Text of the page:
Irqata (biblical Arkite, modern Tell Arqa) is a Phoenician town northeast of Tripoli.
Arashni is an unknown location.
Ardata is a Phoenician town southeast of Tripoli.
Ammiya is probably modern Amyun, near Tripoli.
Hatti was the Hittite kingdom in eastern Asia Minor (modern Turkey).
Mitanni was the Hurrian kingdom between the Upper Euphrates and the Upper Tigris rivers (in northern modern Iraq and Syria).
Nahma (or Naharima) was the Egyptian name for Mitanni.
Great King was the ancient Semitic phrase describing an emperor (for biblical examples, see: 2 Kings 18:19; Psalm 48:2; 95:3; Isaiah 36:4; Jeremiah 27:7; Matthew 5:35).
Dog was a common Semitic metaphor of either derision or self-deprecation (for biblical examples, see: 1 Samuel 17:43; 2 Samuel 9:8; 16:9; 2 Kings 8:13).


1. What is Rib-Hadda's relationship to the recipient of the letter, the Pharaoh of Egypt? Why would Rib-Addi describe himself as bowing 7 times and 7 times before the Pharaoh?

2. Why is Rib-Hadda frightened? What catastrophes have already happened by the time he wrote this letter?
3. Who are the 'Apiru (see Astour 1976, Buccellati 1977, Gottwald 1979:401-26, Greenberg 1955, Hallock 1939, Lemche 1992, and Moran 1967? What role do they possibly play here?
4. Who is the Lady (Bêlit) of Gubla? What is her role in this letter?

Albright, W. F. "The Amarna Letters from Palestine." In Cambridge Ancient History, Vol. II.2: History of the Middle East and the Aegean Region 1380-1000 B.C., 98-116. 3d edition. Cambridge: Cambridge University Press, 1975.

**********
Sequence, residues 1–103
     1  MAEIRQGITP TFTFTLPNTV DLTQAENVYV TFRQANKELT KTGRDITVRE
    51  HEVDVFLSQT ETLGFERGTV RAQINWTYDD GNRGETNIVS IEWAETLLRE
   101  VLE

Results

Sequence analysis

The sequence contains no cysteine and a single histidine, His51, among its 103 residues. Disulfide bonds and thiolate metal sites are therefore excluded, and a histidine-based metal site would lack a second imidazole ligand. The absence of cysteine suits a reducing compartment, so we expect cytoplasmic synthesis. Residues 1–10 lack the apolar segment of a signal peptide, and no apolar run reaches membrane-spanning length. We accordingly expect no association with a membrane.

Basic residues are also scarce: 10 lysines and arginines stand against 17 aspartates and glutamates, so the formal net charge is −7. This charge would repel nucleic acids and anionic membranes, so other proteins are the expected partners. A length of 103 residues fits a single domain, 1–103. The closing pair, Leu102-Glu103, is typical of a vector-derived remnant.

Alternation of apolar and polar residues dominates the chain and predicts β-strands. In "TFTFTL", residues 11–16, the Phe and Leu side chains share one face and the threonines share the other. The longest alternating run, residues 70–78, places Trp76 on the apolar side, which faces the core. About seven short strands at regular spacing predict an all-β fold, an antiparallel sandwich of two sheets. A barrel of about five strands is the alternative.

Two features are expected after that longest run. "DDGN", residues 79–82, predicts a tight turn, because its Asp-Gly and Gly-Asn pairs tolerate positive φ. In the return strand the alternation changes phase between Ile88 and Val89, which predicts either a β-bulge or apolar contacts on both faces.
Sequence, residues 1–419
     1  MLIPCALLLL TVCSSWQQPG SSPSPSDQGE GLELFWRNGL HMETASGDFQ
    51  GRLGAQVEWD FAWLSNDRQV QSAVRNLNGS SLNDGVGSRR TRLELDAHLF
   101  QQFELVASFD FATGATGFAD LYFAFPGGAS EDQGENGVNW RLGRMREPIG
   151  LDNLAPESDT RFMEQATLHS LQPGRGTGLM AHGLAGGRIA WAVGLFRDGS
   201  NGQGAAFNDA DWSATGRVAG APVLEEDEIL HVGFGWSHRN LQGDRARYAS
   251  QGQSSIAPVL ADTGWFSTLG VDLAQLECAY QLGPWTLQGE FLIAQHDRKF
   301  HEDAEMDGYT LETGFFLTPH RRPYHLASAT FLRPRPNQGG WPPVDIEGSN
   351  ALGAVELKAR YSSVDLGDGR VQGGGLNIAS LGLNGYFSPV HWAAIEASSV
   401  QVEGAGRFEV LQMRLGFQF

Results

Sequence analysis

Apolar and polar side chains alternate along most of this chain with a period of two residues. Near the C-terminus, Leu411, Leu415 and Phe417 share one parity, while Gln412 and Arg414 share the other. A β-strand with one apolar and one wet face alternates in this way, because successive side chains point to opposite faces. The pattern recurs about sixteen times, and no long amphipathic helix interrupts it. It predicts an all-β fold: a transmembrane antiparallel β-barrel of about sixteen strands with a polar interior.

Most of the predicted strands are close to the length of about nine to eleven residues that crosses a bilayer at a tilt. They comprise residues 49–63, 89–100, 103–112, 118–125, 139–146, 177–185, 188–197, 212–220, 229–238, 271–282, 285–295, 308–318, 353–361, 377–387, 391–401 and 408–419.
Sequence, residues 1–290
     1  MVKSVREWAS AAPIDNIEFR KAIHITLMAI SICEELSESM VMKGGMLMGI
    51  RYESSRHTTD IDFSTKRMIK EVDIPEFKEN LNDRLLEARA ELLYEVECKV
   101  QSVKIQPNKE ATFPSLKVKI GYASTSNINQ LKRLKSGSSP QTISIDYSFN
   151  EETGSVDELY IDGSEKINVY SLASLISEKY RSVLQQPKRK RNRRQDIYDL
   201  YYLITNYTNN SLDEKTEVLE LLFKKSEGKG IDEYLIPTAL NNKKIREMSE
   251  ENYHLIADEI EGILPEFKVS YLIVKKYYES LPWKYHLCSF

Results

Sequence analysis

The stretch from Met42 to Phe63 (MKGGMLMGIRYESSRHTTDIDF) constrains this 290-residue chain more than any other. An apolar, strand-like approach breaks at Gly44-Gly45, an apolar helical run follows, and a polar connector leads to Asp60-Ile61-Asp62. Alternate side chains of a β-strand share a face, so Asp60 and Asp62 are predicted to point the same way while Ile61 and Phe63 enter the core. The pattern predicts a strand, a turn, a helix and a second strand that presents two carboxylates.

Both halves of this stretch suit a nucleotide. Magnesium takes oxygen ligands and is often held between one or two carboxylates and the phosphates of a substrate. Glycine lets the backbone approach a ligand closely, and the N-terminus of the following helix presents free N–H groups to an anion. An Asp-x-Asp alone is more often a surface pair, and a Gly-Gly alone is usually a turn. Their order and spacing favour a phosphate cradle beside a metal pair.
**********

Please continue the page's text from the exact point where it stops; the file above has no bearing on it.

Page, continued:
Aldred, Cyril. "Egypt: The Amarna Period and the End of the Eighteenth Dynasty." In Cambridge Ancient History, Vol. II.2: History of the Middle East and the Aegean Region 1380-1000 B.C., 49-97. 3d edition. Cambridge: Cambridge University Press, 1975.
Astour, Michael C. "Habiru." In Interpreter's Dictionary of the Bible, Supplementary Volume, edited by Keith Crim, 382-85. Nashville: Abingdon, 1976.
Bezold, Carl and E. A. Wallis Budge. The Tell-el Amarna Tablets in the British Museum. London: Trustees of the British Museum, 1892.
Campbell, Edward A. "The Amarna Letters and the Amarna Period." In Biblical Archaeologist Reader vol. 3, 54-75. New York: Doubleday, 1970.
Chaney, Marvin L. "Ancient Palestinian Peasant Movements and the Formation of Premonarchic Israel." In Palestine in Transition: The Emergence of Ancient Israel, edited by David Noel Freedman and David F. Graf, 39-90. Social World of Biblical Antiquity Series 2. Sheffield: Almond, 1983.
Greenberg, Moshe. Hab/piru. American Oriental Series 39. New Haven, CN: American Oriental Society, 1955.
Hallock, F. H. "The Habiru and the SA.GAZ in the Tell El-Amarna Tablets." In Mercer 1939:2:838-45.
Knudtzon, J. A. Die El-Amarna-Tafeln. Vorderasiatische Bibliotek. Vol. 2. Leipzig: Hinrichs, 1907–1915. Reprinted, Aalen: Zeller, 1964.
Mercer, Samuel A. B. The Tell El-Amarna Tablets. 2 vols. Toronto: Macmillan, 1939.
Moran, Willam L. The Amarna Letters. Baltimore: Johns Hopkins Univ. Press, 1992.
Moran, William L. "Habiru (Habiri)." In The New Catholic Encyclopedia 6:878b-80b. Washington, DC: Catholic Univ. Press, 1967.
Morrison, Martha A. "Mitanni." In Anchor Bible Dictionary, edited by David Noel Freedman, 4:874-76. New York: Doubleday, 1992.
Na'aman, Nadav. "Amarna Letters." In Anchor Bible Dictionary, edited by David Noel Freedman, 1:174-81. New York: Doubleday, 1992.
Oppenheim, A. Leo. Letters from Mesopotamia. Chicago: Univ. of Chicago Press, 1967.
Rogers, Robert William. Cuneiform Parallels to the Old Testament. New York: Eaton & Mains, 1912. Reprinted with new Foreword and Bibliography by K. C. Hanson. Ancient Texts and Translations. Eugene, OR: Wipf & Stock, 2005.
Winckler, Hugo. The Tell-el-Amarna Letters. Translated by J. Metcalf. New York: Lemcke & Buechner, 1896.